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The Singleton Pattern is used to make sure only one object of a particular class is ever created. This can be useful when when exactly one object is needed to coordinate actions across a system; perhaps for efficiency where creating lots of identical objects would be wasteful, perhaps because a particular algorithm needing a single point of control is required or perhaps when an object is used to interact with a non-shareable resource.

Weaknesses of the Singleton pattern include:

  • It can reduce reuse. For instance, there are issues if you want to use inheritance with Singletons. If SingletonB extends SingletonA, should there be exactly (at most) one instance of each or should the creation of an object from one of the classes prohibit creation from the other. Also, if you decide both classes can have an instance, how do you override the getInstance() method which is static?
  • It is also hard to test singletons in general because of the static methods but Groovy can support that if required.

Example

Suppose we wish to create a class for collecting votes. Because getting the right number of votes may be very important, we decide to use the singleton pattern. There will only ever be one VoteCollector object, so it makes it easier for us to reason about that objects creation and use.

Some points of interest about this code:

  • it has a private constructor, so no VoteCollector objects can be created in our system (except for the INSTANCE we create)
  • the INSTANCE is also private, so it can't be changed once set
  • we haven't made the updating of votes thread-safe at this point (it doesn't add to this example)
  • the vote collector instance is not lazyily created (if we never reference the class, the instance won't be created; however, as soon as we reference the class, the instance will be created even if not needed initially)

We can use this singleton class in some script code as follows:

Here we used the instance 3 times. The second usage was even in a different thread (but don't try this in a scenario with a new class loader).

Running this script yields (your hashcode value will vary):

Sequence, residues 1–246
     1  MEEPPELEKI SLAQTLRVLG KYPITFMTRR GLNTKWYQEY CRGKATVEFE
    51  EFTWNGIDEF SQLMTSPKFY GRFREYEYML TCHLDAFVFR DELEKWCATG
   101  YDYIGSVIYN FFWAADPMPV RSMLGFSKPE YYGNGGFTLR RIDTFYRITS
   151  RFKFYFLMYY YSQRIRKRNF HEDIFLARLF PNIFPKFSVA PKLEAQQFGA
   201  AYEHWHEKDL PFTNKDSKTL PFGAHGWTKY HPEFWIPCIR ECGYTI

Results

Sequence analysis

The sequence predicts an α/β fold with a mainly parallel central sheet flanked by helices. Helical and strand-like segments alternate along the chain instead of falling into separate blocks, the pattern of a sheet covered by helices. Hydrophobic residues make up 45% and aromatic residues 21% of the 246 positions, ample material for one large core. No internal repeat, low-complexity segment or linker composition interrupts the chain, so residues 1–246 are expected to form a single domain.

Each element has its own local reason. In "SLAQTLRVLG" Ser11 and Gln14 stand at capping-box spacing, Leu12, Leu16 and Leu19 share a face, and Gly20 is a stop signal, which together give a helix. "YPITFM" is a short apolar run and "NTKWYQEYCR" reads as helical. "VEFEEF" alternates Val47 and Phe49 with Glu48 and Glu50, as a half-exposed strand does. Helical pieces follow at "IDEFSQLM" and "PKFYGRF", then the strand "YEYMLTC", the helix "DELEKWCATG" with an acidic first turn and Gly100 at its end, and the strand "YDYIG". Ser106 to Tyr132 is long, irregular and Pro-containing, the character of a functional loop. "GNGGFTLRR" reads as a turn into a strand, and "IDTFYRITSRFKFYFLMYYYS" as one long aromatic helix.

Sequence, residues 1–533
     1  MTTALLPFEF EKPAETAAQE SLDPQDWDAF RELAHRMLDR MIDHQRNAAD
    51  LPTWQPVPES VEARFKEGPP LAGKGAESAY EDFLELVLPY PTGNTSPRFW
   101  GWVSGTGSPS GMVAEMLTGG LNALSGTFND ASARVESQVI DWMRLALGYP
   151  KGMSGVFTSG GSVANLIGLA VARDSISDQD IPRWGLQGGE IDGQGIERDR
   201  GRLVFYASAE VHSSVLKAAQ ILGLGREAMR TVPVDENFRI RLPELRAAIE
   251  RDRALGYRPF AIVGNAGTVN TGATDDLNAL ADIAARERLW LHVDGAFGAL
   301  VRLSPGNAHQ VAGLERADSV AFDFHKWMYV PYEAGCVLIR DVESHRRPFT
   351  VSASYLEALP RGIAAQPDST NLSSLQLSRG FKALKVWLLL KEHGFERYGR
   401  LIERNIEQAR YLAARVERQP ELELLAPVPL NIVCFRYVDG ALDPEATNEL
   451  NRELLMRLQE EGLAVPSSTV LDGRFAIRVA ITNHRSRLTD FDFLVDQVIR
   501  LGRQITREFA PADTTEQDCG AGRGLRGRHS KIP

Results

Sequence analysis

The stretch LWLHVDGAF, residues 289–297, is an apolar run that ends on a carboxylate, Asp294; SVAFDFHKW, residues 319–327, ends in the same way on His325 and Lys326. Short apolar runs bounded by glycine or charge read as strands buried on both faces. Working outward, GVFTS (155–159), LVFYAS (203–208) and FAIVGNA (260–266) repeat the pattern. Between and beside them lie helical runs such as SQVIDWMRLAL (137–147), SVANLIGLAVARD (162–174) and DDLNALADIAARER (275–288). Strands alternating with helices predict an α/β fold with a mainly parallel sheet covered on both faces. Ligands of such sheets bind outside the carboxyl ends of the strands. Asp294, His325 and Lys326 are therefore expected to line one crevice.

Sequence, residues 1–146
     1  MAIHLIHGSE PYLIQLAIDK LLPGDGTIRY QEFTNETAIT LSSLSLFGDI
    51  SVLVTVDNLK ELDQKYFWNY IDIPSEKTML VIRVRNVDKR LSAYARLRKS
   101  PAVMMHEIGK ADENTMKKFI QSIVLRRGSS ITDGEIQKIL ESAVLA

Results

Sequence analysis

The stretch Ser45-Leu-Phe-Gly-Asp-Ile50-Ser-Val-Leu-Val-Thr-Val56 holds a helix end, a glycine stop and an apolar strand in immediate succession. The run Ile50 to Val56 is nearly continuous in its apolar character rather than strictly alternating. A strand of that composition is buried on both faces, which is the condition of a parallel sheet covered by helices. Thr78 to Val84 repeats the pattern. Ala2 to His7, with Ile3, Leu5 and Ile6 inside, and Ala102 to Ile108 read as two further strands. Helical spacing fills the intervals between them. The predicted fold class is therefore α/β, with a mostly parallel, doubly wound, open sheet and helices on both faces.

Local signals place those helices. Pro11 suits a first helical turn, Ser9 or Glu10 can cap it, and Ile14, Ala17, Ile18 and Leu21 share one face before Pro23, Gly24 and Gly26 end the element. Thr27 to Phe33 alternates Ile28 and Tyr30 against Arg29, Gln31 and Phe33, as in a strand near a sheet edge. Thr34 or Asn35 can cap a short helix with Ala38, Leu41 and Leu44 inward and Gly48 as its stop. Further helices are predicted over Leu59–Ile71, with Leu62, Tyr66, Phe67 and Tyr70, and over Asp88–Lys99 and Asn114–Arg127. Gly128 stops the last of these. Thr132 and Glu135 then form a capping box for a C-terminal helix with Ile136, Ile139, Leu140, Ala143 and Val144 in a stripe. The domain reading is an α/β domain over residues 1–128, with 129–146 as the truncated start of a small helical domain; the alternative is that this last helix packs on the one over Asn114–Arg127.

Variations to this pattern:

  • To support lazy-loading and multi-threading, we could just use the synchronized keyword with the getInstance() method. This has a performance hit but will work.
  • We can consider variations involving double-checked locking and the volatile keyword (for Java 5 and above), but see the limitations of this approach here.

Guice Example

We can also implement the Singleton Pattern using Guice. This example relies on annotations. Annotations are a Groovy 1.1 feature and will need to be run on a Java 5 or above JVM.

Suppose we want to keep track of the total number of calculations that a calculator performs. One way to do that is to use a singleton for the calculator class and keep a variable in the class with the count.

Guice is a Java-oriented framework that supports Interface-Oriented design. Hence we create a Calculator interface first. We can then create our CalculatorImpl implementation and a Client object which our script will interact with. The Client class isn't strictly needed for this example but allows us to show that non-singleton instances are the default. Here is the code:

Note the @Inject annotation in the Client class. We can always tell right in the source code which fields will be injected.

In this example we chose to use an explicit binding. All of our dependencies (ok, only one in this example at the moment) are configured in the binding. The Guide injector knows about the binding and injects the dependencies as required when we create objects. For the singleton pattern to hold, you must always use Guice to create your instances. Nothing shown so far would stop you creating another instance of the calculator manually using new CalculatorImpl() which would of course violate the desired singleton behaviour.

In other scenarios (though probably not in large systems), we could choose to express dependencies using annotations, such as the following example shows:

Note the @Singleton annotation on the CalculatorImpl class and the @ImplementedBy annotation in the Calculator interface.

When run, the above example (using either approach) yields (your hashcode values will vary):

You can see that we obtained a new client object whenever we asked for an instance but it was injected with the same calculator object.

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